KUALA LUMPUR: Outgoing Chinese ambassador Dr Huang Huikang – perhaps the most active and outspoken diplomat in Malaysia – has earned the respect of the local Chinese community after four years here.

The awe the envoy commands among Malaysian Chinese could be discerned from the farewell dinners organised by various groups since he broke the news on Sept 26, that his term in Malaysia will end this month.

Dr Huang, who came to Malaysia in January 2014, will leave on Oct 18 to assume his duties as an elected member of the International Law Commission at the United Nations.

At all the gatherings, he was heaped with praise for his role in pushing Malaysia-China bilateral ties to a record high.

During his tenure, China-Malaysia trade breached US$100bil (RM420bil) for the first time in 2015. And investments from China galloped to the top spot, from an insignificant level before he came.

For the Malaysian Government, perhaps the most appreciated had to be the timely purchase of the energy assets of 1MDB in late 2015 by a Chinese corporation that prevented a sovereign downgrade of Malaysia by international rating agencies.

At the farewell dinner last Monday at Wisma Hua Zong with leading Chinese businessmen, MCA president Datuk Seri Liow Tiong Lai said: “Among all the 14 ambassadors who have served in Malaysia, Dr Huang is the most popular, hardworking and influential. He is an outstanding diplomat.”

“In pushing for China’s Belt and Road initiative, you have led us to join the bandwagon. You have indeed done a meaningful job,” he told Dr Huang.

Referring to Dr Huang as “a good friend of the Chinese community”, Hua Zong president Tan Sri Pheng Yin Huah recalled he was very impressed by the emergency measures put in place at the Chinese Embassy in response to MH370 and MH17 air disasters.

Amid negative international news coverage on MH370, Dr Huang did Kuala Lumpur a favour. He thanked the Malaysian Govern-ment for all the effort put in and cooperation given, and told Chinese tourists to continue coming.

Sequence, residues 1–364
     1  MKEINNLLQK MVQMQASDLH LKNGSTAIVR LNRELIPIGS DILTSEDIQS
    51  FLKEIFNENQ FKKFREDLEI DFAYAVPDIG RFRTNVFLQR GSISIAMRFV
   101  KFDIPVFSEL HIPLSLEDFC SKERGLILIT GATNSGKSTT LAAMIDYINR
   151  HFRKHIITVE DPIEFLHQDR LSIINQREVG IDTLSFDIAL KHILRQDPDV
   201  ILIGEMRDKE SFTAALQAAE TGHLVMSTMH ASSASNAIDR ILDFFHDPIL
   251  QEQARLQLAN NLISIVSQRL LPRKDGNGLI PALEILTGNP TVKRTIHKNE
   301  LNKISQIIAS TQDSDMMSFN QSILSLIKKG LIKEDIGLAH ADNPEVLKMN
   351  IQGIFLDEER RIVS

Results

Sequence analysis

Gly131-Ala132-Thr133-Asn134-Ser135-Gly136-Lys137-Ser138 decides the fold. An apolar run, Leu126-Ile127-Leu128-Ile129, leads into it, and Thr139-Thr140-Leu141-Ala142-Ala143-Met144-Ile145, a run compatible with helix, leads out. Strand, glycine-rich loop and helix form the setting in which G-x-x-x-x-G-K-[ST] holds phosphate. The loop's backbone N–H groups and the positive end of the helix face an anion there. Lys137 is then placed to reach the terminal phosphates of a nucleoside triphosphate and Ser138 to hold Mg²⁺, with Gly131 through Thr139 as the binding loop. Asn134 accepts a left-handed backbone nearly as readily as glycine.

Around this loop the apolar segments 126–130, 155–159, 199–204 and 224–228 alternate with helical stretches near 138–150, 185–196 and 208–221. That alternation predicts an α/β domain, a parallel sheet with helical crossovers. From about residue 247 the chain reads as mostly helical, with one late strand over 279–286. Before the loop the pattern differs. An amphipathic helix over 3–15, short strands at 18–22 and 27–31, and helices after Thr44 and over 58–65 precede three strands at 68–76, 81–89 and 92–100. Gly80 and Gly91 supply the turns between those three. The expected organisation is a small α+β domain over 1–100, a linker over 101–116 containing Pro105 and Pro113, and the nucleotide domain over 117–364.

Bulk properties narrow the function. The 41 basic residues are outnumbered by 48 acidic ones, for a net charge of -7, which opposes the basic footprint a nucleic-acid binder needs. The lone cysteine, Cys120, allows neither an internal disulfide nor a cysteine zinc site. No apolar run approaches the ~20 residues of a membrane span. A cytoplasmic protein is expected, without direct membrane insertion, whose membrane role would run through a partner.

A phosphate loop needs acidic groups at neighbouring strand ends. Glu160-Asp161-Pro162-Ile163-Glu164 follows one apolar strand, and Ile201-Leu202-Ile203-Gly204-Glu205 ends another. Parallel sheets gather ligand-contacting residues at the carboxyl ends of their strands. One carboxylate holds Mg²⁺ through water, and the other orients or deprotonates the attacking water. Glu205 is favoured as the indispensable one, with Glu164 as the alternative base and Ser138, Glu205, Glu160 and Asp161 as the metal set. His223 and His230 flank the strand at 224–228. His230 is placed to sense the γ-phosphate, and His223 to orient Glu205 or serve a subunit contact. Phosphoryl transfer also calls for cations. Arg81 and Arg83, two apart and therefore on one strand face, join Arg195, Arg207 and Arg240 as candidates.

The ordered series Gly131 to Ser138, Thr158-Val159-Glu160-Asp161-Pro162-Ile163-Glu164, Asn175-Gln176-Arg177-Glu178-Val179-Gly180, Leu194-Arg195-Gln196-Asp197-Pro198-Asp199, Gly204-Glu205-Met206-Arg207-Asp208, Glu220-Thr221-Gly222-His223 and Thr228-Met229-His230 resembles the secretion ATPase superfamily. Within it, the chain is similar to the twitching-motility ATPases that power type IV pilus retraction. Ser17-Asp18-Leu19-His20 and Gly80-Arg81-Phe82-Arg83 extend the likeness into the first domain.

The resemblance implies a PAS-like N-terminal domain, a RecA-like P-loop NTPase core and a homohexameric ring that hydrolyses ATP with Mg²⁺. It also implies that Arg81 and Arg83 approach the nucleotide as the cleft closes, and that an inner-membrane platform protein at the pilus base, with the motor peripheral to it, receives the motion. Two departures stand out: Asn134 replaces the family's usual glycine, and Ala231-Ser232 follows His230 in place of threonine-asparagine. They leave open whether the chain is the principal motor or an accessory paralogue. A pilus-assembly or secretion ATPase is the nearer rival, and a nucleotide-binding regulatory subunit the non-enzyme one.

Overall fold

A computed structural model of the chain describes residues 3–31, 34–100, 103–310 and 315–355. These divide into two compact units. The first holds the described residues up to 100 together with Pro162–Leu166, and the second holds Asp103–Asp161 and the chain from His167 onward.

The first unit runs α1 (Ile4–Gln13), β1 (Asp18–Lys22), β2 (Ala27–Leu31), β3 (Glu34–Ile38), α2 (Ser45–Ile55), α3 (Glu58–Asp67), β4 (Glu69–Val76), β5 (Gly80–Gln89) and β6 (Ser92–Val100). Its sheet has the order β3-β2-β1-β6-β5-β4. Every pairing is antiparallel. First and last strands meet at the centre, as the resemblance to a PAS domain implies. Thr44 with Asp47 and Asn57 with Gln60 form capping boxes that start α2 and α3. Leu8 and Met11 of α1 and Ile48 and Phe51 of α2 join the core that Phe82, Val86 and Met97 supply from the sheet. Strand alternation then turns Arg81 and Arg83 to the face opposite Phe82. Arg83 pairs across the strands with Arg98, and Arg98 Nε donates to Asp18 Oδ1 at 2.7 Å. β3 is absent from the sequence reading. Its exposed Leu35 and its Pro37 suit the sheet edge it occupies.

Visibly elated by the praise, the smiling Dr Huang declared unabashedly: “I may not be the best Chinese diplomat, but I can boast that I am the most hardworking ambassador.”

He revealed that out of the 264 leave days he was entitled to in the four years here, he has only utilised 33.

Apart from carrying out his official duties, Dr Huang is known for his outreach activities. He visited Chinese guilds, gave donations to schools, as well as spent Chinese New Year with ordinary folk.

Due to Dr Huang’s recommendations, 35 Malaysians were appointed advisers to China’s Overseas Chinese Committee, the highest number in Asia and second in the world after the Americans.

At Hua Zong’s dinner, tycoon Tan Sri Chua Ma Yu told The Star: “This is an ambassador who has performed very well. He has earned the respect of the Chinese community here.”

At the dinner organised by Associated Chinese Chamber and Industry of Malaysia (ACCCIM) yesterday, ACCCIM president Tan Sri Ter Leong Yap said: “Dr Huang is well-loved by the Chinese community. I am sure trade and investments will hit new highs again due to the foundations he has laid for the Belt and Road initiative.”

The energetic diplomat’s footprint is seen in Xiamen University Malaysia, Malaysia-China Kuantan Industrial Park, East Coast Rail Link, Melaka Gateway, Malaysia Digital Free Trade Zone and Proton-Geely joint venture.

The 62-year-old international law expert became the most-followed diplomat after his famous Chinatown walkabout just a day before a planned “Red Shirt” rally in Petaling Street in September 2015.

He was caught in a diplomatic row for saying China was against anyone resorting to violence to disrupt public order, and would not stand idle if the interests of China’s citizens and firms were undermined. He escaped unscathed from this episode.

Proud of his own record, the former vice-mayor of Tangshan in Hebei province directed his staff to compile all his media statements, speeches and press reports on him over the past four years.

He will be the first ambassador in Malaysia to put out a “report card” before he leaves.

At the dinner for Dr Huang hosted by Malaysia-China Friendship Association last Friday, the remarks by former Malaysian ambassador to China Datuk Abdul Majid Ahmad Khan aptly portrayed the VIP guest: “You are a true diplomat, but in many ways you also qualify to be a politician. In totality, you are an ambassador par excellence.”



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